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The dangers of distracted driving

Being late to your destination is better than not arriving at all.

We hear all the time about teens getting into a car crash because they were texting while driving. We’ve seen the heart-breaking public service announcements about a teen’s last text before dying in a crash.

Teens get such a bad rap for texting and driving, yet I see so many adults who are driving while trying to dial a phone number, text, put on makeup, reach down to the backseat floor to retrieve a toy, hold their pet … often with small children in the backseat. What are we teaching our children and teens about distracted driving?

So many of us are multi-taskers by nature. Everyone is busy, and some of us are in our car way more often that we would like to be. It’s tempting to want to pop off a quick text message to let someone know you are running late. It’s easy to make a fast phone call to the doctor’s office from the car to ask a question you might forget about by the time you get home. And we have to check in with work, don’t we?

According to Distraction.gov, the official U.S. government website for distracted driving, “Distracted driving is any activity that could divert a person’s attention away from the primary task of driving. All distractions endanger driver, passenger, and bystander safety. These types of distractions include: texting; using a cell phone or smartphone; eating and drinking; talking to passengers; grooming; reading, including maps; using a navigation system; watching a video; adjusting a radio, CD player, or MP3 player.”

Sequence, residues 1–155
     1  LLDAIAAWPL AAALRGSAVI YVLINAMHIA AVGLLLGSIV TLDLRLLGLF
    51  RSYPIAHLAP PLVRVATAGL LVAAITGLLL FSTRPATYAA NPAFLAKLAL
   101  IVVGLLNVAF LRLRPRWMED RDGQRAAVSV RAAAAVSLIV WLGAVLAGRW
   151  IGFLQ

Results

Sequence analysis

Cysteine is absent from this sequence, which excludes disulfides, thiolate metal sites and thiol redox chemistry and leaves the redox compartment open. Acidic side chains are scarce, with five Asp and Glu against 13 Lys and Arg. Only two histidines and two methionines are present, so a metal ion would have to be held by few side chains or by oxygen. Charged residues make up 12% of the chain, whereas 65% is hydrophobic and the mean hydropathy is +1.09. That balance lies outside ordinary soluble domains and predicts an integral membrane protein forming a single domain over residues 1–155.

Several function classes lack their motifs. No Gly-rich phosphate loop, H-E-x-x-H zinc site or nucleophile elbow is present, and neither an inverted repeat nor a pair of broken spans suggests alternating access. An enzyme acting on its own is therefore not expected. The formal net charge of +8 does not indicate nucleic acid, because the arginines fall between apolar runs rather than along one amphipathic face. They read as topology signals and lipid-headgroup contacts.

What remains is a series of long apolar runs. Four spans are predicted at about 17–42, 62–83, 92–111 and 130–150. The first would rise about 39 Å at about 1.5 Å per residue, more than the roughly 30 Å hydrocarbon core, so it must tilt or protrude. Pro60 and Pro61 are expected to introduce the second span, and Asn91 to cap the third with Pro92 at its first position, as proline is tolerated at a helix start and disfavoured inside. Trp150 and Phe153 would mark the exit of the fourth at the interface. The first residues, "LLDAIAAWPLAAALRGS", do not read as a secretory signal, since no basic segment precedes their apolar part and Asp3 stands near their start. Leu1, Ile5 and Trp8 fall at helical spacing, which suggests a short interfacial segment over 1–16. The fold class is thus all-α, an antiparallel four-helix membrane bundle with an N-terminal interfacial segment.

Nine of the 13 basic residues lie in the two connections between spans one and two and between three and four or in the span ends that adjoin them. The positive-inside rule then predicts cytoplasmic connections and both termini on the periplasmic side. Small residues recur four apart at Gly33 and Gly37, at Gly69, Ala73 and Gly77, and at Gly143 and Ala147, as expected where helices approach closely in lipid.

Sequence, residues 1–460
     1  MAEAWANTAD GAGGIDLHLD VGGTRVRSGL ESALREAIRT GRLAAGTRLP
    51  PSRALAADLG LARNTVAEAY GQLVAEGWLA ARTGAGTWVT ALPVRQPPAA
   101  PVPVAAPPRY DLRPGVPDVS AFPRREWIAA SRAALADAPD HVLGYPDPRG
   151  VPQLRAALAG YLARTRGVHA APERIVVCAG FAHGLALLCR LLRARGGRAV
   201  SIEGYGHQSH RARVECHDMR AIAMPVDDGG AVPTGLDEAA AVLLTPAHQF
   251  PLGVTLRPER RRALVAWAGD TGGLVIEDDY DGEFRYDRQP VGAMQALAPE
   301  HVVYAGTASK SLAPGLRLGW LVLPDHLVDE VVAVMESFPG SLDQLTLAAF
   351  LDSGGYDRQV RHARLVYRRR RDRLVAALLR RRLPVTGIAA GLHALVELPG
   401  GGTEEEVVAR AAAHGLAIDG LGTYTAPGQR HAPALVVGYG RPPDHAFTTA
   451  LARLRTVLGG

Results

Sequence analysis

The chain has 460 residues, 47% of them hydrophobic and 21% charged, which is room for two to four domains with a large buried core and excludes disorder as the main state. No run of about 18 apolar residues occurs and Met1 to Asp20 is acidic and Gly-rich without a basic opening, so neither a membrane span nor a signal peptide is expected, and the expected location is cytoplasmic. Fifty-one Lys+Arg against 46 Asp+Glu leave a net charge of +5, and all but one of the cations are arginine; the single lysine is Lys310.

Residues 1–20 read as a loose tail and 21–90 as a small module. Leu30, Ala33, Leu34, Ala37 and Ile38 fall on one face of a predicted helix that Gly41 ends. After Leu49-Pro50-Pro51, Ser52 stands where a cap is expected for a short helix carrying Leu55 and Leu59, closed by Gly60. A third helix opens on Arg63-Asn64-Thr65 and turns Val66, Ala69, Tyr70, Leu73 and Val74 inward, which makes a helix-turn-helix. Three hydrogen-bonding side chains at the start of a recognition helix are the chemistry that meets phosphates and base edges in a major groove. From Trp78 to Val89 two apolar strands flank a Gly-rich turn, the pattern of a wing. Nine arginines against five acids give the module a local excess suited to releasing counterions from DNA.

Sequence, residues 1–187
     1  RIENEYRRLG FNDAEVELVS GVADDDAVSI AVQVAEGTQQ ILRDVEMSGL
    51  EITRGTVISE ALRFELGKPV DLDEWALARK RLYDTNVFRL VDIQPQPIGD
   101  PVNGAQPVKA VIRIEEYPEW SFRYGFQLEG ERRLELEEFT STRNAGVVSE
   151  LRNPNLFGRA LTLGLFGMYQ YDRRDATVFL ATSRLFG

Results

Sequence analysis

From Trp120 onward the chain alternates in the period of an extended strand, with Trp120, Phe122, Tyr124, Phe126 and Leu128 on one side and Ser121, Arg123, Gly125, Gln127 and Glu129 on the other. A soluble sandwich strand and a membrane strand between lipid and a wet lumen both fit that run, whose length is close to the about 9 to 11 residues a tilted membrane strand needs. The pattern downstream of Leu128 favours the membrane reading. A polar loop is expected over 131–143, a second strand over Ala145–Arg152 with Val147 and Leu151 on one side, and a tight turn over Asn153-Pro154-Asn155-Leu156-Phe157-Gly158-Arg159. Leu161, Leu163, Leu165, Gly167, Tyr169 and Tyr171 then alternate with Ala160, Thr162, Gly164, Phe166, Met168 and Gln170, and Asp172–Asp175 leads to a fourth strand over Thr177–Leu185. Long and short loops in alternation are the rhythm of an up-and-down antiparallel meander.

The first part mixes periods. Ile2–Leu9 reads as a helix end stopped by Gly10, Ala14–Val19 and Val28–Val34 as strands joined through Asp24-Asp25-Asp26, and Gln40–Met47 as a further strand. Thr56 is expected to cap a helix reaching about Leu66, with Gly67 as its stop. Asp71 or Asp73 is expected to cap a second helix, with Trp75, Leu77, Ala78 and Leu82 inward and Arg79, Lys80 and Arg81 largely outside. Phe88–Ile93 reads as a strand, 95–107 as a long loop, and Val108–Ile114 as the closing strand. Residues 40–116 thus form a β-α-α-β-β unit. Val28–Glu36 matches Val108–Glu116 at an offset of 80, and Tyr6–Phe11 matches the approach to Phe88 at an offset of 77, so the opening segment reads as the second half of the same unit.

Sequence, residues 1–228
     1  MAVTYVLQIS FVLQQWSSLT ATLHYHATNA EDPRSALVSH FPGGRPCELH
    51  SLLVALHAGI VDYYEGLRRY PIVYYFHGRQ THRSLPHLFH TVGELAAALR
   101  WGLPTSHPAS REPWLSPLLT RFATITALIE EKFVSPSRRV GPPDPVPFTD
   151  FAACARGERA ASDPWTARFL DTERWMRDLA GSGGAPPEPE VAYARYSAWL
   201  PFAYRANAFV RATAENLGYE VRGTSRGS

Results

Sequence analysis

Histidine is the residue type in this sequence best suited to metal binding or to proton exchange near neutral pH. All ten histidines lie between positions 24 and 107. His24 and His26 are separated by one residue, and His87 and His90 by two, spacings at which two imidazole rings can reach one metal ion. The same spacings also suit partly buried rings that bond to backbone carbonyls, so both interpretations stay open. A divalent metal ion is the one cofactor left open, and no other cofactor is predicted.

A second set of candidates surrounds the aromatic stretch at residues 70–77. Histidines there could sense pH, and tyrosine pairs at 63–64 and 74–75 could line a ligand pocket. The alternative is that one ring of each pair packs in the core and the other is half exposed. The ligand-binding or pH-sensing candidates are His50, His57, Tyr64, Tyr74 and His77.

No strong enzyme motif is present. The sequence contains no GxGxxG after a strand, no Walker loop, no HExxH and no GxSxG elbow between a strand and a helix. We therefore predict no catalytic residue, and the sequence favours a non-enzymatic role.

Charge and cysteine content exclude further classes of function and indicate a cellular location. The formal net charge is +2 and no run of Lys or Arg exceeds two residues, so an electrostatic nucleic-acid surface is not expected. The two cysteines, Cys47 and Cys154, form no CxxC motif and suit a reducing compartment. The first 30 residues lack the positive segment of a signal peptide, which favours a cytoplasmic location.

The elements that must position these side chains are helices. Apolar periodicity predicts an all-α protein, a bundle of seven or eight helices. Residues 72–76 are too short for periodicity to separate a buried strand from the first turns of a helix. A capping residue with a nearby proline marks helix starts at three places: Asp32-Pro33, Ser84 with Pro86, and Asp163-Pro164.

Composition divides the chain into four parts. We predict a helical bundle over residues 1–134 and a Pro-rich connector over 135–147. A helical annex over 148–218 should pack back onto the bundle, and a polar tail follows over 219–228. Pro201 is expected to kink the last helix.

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For drivers 15-19 years old involved in fatal crashes, 21 percent of the distracted drivers were distracted by the use of cell phones. A quarter of teens admit to responding to a text message once or more every time they drive. Moreover, 20 percent of teens and 10 percent of parents admit that they have extended, multi-message text conversations while driving.

Set a good example

So how do you keep your teenager from texting and driving or talking on their cell phone while driving? For starters, you have to be a good example. A teenager recently told me her mother drives with her knee while applying lipstick and talking on the phone at the same time. Maybe being a bad example will make this teenager go the opposite way; maybe not. One mom I know says, “Oh I’m horrible ... I text but with my voice app more now ... I always put on makeup in the car. It’s a horrible habit I have … I’m a terrible example; in fact, I have talked to them a lot about what I do they shouldn’t.”

Realize that being late to your destination is better than not arriving at all due to causing an accident because you had to do last-minute things in your car instead of at home. Thinking, “I can just call or text my friend back while I’m driving the kids to dance class” could be deadly and is something you can make a note about and do later.

Keep track of when your teenager is driving places and find out on the phone bill if there were any calls or texts during that time. If it turns out your child is practicing distracted driving, decide on the consequences, such as taking away driving or other privileges.

Learn more about the dangers of texting and driving here.

Kerrie McLoughlin is a mom of 5 and author of Fun, Frugal and Green Christmas.



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